“We’re now placing graduates into Fortune 1000 companies. It’s a brand new channel of career opportunities for our students. I think this is the most important work I’ve done,” Tom says.
Perhaps in a new paradigm, Tom feels business school students are now shaping their perspective on who they are and what a career looks like for them, thinking culturally and holistically. “They’re looking at a career instead of a job,” he says. “It’s nuanced but I think a very important nuance. We’ve got eight major companies visiting WCU this spring for recruiting. We’re in national publications that write about our students now. Western gets to stand on the stage with the big schools but we’re a small school and I’m proud of who we are. I think our students are great and this program gives them a chance to compete for the same career positions as students from CU, CSU and other big schools.”
Tom’s wife, Catherine, flies back to their other home in Texas every two weeks to manage their other business, a co-working space called The Lift Office, which Tom defines as, “A temporary office, a drop-in and work—it’s a rent-a-conference room [theliftoffice.com].” But the two are never apart for more than five days, he notes. The couple didn’t just happen upon Crested Butte. Tom’s family had discovered it when he was in college and the rest of his siblings were still living at home.
“The only time we had to take vacations was at Christmas and Mom and Dad decided to make it a family ski trip. It’s a pretty classic Texan story, actually,” he laughs. “We found Crested Butte accidentally, going to other ski resorts first. We ended up here because a friend of a friend referred us to this place. We always stayed at the San Moritz. Over time, as Catherine was added to the family, she and I enjoyed skiing up here so much that when we had children, we wanted them to grow up skiing here, too. Christmas up here was all they knew growing up. We still gather here at Christmas now.”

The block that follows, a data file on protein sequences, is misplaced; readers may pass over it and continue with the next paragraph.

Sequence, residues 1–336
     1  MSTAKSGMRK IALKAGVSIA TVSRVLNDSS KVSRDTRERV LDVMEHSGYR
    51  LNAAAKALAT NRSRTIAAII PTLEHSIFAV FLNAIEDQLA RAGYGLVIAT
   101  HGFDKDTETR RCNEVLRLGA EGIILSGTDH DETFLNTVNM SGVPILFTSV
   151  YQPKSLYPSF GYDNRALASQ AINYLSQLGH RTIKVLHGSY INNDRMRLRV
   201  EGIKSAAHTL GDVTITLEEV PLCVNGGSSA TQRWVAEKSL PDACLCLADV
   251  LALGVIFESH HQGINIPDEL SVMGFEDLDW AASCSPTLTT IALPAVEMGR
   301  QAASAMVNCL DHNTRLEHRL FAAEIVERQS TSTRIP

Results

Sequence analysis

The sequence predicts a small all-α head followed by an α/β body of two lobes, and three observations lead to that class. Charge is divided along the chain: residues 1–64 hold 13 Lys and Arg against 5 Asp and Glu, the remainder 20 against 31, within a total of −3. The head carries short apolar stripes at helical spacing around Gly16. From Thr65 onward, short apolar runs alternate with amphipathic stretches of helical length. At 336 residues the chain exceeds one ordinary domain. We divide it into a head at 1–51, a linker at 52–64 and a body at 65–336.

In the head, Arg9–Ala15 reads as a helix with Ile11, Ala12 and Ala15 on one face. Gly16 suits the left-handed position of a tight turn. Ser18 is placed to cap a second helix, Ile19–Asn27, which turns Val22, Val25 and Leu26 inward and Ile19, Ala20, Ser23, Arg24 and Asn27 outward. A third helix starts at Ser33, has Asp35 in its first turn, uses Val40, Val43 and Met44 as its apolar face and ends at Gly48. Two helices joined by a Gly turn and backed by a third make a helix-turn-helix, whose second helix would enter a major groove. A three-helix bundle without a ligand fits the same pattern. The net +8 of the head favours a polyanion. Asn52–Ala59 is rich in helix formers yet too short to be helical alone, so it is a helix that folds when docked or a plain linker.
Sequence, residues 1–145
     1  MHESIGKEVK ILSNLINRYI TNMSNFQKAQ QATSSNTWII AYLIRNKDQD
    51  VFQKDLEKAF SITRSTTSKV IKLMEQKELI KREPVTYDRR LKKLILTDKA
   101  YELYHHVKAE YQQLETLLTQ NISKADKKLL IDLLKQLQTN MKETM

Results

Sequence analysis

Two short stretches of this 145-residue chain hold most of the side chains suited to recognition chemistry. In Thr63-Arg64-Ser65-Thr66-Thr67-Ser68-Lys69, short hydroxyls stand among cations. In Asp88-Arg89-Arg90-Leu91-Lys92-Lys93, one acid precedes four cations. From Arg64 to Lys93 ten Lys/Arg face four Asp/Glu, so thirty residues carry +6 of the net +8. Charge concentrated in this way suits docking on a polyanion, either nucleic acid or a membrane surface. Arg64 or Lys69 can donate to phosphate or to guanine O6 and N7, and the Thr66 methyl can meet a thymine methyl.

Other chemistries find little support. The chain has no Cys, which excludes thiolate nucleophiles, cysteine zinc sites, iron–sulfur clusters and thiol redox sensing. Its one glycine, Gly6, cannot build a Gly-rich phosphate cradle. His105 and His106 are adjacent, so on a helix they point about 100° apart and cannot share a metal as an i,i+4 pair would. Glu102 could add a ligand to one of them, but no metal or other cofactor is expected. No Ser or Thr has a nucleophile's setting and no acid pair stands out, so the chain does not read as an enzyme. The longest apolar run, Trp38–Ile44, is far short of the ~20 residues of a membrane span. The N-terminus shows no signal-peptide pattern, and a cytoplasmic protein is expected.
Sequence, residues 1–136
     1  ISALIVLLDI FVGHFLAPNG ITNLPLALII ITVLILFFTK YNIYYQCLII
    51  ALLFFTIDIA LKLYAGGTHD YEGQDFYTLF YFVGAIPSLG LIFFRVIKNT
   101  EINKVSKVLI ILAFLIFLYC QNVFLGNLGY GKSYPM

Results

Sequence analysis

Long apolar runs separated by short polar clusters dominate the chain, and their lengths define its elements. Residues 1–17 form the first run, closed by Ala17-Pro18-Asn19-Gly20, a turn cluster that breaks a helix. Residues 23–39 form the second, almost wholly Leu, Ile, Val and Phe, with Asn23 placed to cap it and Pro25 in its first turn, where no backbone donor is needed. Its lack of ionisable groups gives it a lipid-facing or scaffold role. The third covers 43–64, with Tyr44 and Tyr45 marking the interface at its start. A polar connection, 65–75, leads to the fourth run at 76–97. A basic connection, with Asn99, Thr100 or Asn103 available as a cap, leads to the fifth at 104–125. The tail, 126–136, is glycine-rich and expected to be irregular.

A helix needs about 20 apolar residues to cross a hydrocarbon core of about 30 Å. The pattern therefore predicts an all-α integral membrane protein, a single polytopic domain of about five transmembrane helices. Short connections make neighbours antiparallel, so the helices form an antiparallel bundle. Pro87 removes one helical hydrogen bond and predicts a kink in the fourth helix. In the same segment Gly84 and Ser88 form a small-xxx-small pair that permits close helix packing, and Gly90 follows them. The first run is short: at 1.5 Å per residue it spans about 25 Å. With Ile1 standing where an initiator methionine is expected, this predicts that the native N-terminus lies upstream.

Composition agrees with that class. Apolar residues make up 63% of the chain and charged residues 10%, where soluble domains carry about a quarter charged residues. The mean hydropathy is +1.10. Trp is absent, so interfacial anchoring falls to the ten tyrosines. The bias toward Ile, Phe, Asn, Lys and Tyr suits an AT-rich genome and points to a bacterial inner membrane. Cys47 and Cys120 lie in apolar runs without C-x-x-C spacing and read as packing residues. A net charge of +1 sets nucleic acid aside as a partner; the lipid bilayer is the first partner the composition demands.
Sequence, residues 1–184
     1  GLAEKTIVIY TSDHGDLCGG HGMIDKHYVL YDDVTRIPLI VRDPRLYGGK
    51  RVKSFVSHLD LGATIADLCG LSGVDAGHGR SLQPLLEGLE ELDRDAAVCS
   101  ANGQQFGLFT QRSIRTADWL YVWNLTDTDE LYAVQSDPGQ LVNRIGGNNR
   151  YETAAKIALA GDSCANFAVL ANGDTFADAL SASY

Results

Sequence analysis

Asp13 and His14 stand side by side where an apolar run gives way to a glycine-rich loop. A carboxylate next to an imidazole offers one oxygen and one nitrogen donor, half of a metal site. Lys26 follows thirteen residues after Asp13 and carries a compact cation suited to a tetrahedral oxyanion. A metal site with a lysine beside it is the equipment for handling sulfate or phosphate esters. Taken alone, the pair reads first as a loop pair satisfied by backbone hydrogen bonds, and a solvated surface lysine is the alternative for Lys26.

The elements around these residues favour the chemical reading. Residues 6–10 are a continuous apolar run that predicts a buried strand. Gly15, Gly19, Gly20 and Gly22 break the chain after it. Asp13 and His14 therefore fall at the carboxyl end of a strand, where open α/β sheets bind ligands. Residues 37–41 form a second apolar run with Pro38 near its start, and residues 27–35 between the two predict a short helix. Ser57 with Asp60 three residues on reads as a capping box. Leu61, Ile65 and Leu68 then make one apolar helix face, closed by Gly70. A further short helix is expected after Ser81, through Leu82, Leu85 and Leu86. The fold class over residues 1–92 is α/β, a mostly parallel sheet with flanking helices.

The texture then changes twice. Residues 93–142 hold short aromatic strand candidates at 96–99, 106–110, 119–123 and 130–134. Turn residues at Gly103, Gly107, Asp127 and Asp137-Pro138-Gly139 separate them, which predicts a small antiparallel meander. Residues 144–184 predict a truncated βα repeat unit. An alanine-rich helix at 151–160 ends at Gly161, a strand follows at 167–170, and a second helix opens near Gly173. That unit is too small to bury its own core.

In 2013, they bought a house on an alley in town, the decision made when they sat down on the front steps to get a feel for the neighborhood. Tom recalls warmly, “It was not more than 45 seconds and Jen Nolan rides up on her bike and says hi.” What ensued was a 15-minute conversation extolling the wonders and joy of alley living and Tom and Catherine felt they were home.
Having lived here for awhile, they now feel even more enchanted by their chosen community. “It’s where I work and I love the community and the diversity of its thinking. We all have a personal lens and my lens, coming out of urban Texas, it’s like looking through a kaleidoscope here—the individual perspectives, the community collective, in this little valley, even in this alley here, you’ve got renters, owners, a world-class mountain guide, the typical Texans, the new young family, all the different people working through all phases of life. I like that. It’s interesting, fun and different for me. This home here is intimate. We can see life going on. I can wave to my neighbors. And if you want to meet somebody for dinner, you walk three blocks or hop on your bike. I love living in this small town.”